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Development Projects to Improve Maternal and Child Health: Assessing the Impact

  • Yemane Berhane
  • Published: April 18, 2006
  • DOI: 10.1371/journal.pmed.0030192

Demographic and social conditions in Ethiopia pose serious challenges to human survival. These challenges are particularly relevant to women, who often have the prime responsibility for the welfare of children and the family at large. Women's status in Ethiopia, as in other developing countries, is low, and their daily workload is often enormous [1]. Women have the dual responsibility of both reproducing and ensuring the survival of their children. Leisure time for women is declining due to increasing economic difficulties; even the period of confinement following childbirth has declined [1].

There have been many initiatives to improve the life of people living in rural Ethiopia over the last few decades, but many of these initiatives were not systematically evaluated. Thus, the short-term and long-term impacts of development interventions in Ethiopia remain largely unknown or unreported. In a new study in PLoS Medicine, Mhairi Gibson and Ruth Mace attempted to evaluate the effect of improved water access in rural Ethiopia—a development initiative that reduces women's workloads since they no longer have to collect water from distant sites—on birthrate and child malnutrition [2]. As such, this study is a very important step forward in making developmental interventions evidenced based and contextual.

The Study Findings

Gibson and Mace collected retrospective demographic data over a four-year period in eight rural villages in Arsi zone, Ethiopia. These included villages with and without the water development scheme. Villages with and without tapped water were comparable with respect to size, altitude, ethnicity, and religion. Using logistic hazards models and general linear modeling techniques, the authors found an association between the development initiative and a decline in infant mortality. However, the initiative was also associated with an increase in birthrate. And the initiative was not associated with any improvement in maternal or child health or in nutritional status. In fact, after controlling for any effects of age, sex, birth order, socioeconomic status, and family size, children living in villages with water access were at a significantly greater risk of being malnourished and stunted.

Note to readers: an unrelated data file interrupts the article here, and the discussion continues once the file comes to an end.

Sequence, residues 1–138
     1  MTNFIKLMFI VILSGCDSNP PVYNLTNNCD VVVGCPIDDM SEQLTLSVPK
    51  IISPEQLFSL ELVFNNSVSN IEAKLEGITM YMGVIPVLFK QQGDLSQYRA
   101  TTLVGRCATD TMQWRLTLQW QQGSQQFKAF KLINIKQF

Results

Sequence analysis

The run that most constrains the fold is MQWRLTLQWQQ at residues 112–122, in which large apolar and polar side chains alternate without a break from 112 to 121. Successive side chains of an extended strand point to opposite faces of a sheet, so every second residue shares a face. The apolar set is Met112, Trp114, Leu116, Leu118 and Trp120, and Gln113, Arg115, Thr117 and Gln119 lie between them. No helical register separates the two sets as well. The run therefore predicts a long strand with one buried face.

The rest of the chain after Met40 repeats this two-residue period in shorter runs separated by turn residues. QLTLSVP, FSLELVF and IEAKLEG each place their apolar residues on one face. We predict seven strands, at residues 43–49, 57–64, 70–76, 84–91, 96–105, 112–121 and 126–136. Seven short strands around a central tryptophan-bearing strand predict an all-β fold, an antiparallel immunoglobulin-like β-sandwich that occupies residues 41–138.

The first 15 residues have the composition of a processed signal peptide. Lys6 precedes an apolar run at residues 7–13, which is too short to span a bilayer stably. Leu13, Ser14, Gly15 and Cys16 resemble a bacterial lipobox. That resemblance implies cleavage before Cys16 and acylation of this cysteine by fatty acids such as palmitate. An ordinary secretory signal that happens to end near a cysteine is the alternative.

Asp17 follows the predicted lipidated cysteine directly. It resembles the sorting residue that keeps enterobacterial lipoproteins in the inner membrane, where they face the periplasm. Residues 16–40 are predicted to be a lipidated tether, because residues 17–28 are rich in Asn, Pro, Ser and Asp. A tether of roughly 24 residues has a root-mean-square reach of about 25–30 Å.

The impacts of development interventions in Ethiopia remain largely unknown or unreported.

In summary, the study showed that developmental interventions may have deleterious effects on overall societal well-being in the long run if they are not implemented and monitored carefully. In this case, the increased birthrate could potentially exacerbate the population pressure on the already scarce farming land.

Limitations of the Study

Although the study has many strong methodological aspects, including the use of a local event calendar to obtain reliable data and advanced statistical techniques to analyze the data, there are also a number of limitations. First, the retrospective nature of the data collection in a rural and largely illiterate population is a major limitation. Retrospective birth history data collection is problematic—many women fail to report unsuccessful pregnancies and early infant deaths [3]. Also, a full account of the development intervention is not given; for instance, how often did women fetch water in the intervention and nonintervention villages? what proportion of their time was saved by the intervention? and where did women fetch water during the rainy season? All these factors are important in relation to the intervention.